The following post was originally issued to TLS subscribers on July 27, 2018.
On a equal-weight basis, the recent stock rally looks less impressive.
Stock bulls have had a nice run of it over the past 4 months. Despite the normal protestations by perma-bears, there was not a whole lot to complain about during the recent rally, until perhaps this week. As we’ve looked at the past few days, a few potential red flags have popped up in terms of lagging small-caps and thinning breadth. Today, we take a peak at one more less-than-ideal recent development. This one has to do with the equal-weight version of the S&P 500.
As the name implies, the equal-weight average weighs each of the S&P’s components the same, in contrast to the popular cap-weighted S&P 500 which places more weight on larger stocks. Cap-weighted averages can give one a distorted view of the health of the broad market at times if they are being unduly influenced by a relatively small number of stocks. On the other hand, an equally-weighted index can give us a better sense of the level of participation across the entire index.
So how does the level of participation look currently? According to most measures, we don’t have many complaints. According to the equal weight S&P 500, specifically the Guggenheim S&P 500 Equal Weight ETF (ticker, RSP), we find a potential chink in the armor.
That’s because, on a relative basis, RSP just dropped to a 5 1/2 year low vs. its cap-weighted counterpart, the S&P 500 SPDR ETF (SPY).
So how much of a concern is this? It certainly is not ideal, as we prefer the equal-weight average to be leading the way as a show of broad participation. However, sometimes the cap-weighted average is simply outperforming due to particularly strong action in the largest stocks. And as long as the absolute price series of the RSP is holding up well, it may not be a huge concern yet.
Of course, this type of analysis is highly subjective. And as you know, that runs counter to the type analysis that we prefer — cold, hard quantifiable and objective facts. So perhaps there is no “right or wrong” here. However, if we zoom out a bit we do get a look at the chart that, while not a quantifiable statistic, may be the most useful in helping us decode the message being sent by the behavior of the equal-weight index.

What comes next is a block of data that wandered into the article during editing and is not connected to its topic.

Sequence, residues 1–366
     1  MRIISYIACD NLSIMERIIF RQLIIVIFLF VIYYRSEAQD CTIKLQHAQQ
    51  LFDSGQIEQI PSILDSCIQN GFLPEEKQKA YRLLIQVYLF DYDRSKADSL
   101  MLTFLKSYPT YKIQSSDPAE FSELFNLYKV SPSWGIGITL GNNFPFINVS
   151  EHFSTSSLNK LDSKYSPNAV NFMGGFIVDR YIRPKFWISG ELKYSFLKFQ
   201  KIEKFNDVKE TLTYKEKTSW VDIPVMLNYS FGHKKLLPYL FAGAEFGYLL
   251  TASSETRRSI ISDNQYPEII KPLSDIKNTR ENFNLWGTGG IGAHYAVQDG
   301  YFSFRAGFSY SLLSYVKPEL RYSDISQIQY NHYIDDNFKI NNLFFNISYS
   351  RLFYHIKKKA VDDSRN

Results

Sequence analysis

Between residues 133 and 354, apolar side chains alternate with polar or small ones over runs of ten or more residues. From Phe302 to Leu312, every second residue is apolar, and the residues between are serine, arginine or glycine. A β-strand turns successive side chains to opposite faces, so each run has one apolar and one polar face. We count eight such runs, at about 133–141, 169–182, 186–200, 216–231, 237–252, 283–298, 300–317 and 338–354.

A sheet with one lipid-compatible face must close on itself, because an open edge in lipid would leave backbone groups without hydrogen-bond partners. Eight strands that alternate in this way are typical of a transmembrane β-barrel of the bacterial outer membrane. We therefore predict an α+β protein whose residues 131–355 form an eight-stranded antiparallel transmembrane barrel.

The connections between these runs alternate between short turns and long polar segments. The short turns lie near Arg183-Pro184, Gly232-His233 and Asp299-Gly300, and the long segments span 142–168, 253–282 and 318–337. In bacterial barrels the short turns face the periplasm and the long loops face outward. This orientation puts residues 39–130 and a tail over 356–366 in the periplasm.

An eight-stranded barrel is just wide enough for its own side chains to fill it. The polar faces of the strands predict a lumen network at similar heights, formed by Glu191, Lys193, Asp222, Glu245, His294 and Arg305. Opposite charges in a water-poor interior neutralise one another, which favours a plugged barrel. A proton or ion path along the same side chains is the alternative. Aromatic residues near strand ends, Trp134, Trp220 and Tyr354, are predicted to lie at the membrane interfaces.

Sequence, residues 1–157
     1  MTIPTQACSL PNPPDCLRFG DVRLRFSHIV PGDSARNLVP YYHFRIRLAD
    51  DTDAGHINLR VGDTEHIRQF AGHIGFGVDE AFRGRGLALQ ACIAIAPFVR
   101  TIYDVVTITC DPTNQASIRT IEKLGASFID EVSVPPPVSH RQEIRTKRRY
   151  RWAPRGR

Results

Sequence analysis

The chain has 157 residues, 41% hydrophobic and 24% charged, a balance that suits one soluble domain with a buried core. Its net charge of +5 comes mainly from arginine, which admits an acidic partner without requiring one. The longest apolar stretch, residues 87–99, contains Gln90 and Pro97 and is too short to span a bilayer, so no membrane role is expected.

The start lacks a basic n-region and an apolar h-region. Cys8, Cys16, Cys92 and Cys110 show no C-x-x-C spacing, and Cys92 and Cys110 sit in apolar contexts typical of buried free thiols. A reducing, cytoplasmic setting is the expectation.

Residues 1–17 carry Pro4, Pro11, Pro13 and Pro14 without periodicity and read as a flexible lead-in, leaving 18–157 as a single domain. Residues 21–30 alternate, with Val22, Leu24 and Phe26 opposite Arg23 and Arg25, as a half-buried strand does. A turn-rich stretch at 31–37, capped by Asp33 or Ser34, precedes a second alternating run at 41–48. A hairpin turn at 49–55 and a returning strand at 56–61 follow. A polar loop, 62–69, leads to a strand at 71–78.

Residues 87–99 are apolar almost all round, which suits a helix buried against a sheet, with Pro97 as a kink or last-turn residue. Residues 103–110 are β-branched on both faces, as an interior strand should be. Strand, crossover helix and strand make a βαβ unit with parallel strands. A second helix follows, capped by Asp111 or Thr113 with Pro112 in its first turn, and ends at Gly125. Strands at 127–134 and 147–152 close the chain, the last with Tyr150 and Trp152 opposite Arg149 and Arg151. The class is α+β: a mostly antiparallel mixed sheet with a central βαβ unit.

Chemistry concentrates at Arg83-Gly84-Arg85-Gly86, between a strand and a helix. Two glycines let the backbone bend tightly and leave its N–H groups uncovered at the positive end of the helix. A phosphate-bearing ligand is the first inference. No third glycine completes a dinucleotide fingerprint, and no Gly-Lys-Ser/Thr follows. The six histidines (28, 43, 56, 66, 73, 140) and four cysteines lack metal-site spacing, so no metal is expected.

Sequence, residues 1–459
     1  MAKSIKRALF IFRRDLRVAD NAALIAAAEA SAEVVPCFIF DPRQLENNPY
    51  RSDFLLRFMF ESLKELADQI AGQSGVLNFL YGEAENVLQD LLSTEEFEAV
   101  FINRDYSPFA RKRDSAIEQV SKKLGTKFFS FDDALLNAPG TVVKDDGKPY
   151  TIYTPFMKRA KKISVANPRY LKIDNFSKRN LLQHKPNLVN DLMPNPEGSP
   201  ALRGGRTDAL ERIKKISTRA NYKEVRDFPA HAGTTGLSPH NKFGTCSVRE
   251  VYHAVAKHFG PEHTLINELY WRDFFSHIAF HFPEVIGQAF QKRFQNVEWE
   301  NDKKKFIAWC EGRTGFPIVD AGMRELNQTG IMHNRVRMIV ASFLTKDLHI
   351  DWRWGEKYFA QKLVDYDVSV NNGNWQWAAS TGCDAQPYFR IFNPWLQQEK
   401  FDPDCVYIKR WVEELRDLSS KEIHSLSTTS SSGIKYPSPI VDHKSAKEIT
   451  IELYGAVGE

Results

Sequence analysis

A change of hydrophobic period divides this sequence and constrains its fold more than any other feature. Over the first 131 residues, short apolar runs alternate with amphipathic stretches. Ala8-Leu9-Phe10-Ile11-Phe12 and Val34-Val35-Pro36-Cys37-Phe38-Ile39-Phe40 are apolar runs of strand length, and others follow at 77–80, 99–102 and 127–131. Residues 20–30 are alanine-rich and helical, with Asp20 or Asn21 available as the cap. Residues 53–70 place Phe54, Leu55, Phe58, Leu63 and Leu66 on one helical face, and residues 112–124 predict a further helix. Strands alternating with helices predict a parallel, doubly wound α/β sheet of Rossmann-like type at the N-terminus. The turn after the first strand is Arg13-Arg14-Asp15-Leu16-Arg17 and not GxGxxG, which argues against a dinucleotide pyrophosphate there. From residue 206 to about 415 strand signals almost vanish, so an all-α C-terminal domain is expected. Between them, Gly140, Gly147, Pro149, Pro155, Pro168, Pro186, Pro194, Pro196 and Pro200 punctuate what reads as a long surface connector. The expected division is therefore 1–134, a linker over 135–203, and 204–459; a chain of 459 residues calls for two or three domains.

As this chart indicates, historically, the stock market has tended to struggle when the ratio of the equal-weight RSP was trending lower vs. the cap-weighted S&P 500. It was the case in 2007-2009, 2011-2012, 2015-2016 and again today. Certainly this analysis is not geared for precise timing or triggers. Indeed, the ratio has been trending downward for more than a year, without much in the way of negative ramifications. However, the historical correlation is pretty clear. Therefore, we are taking its message under more serious consideration now — especially in light of the various other red flags that have popped up recently.
Disclaimer: JLFMI’s actual investment decisions are based on our proprietary models. The conclusions based on the study in this letter may or may not be consistent with JLFMI’s actual investment posture at any given time. Additionally, the commentary provided here is for informational purposes only and should not be taken as a recommendation to invest in any specific securities or according to any specific methodologies. Proper due diligence should be performed before investing in any investment vehicle. There is a risk of loss involved in all investments.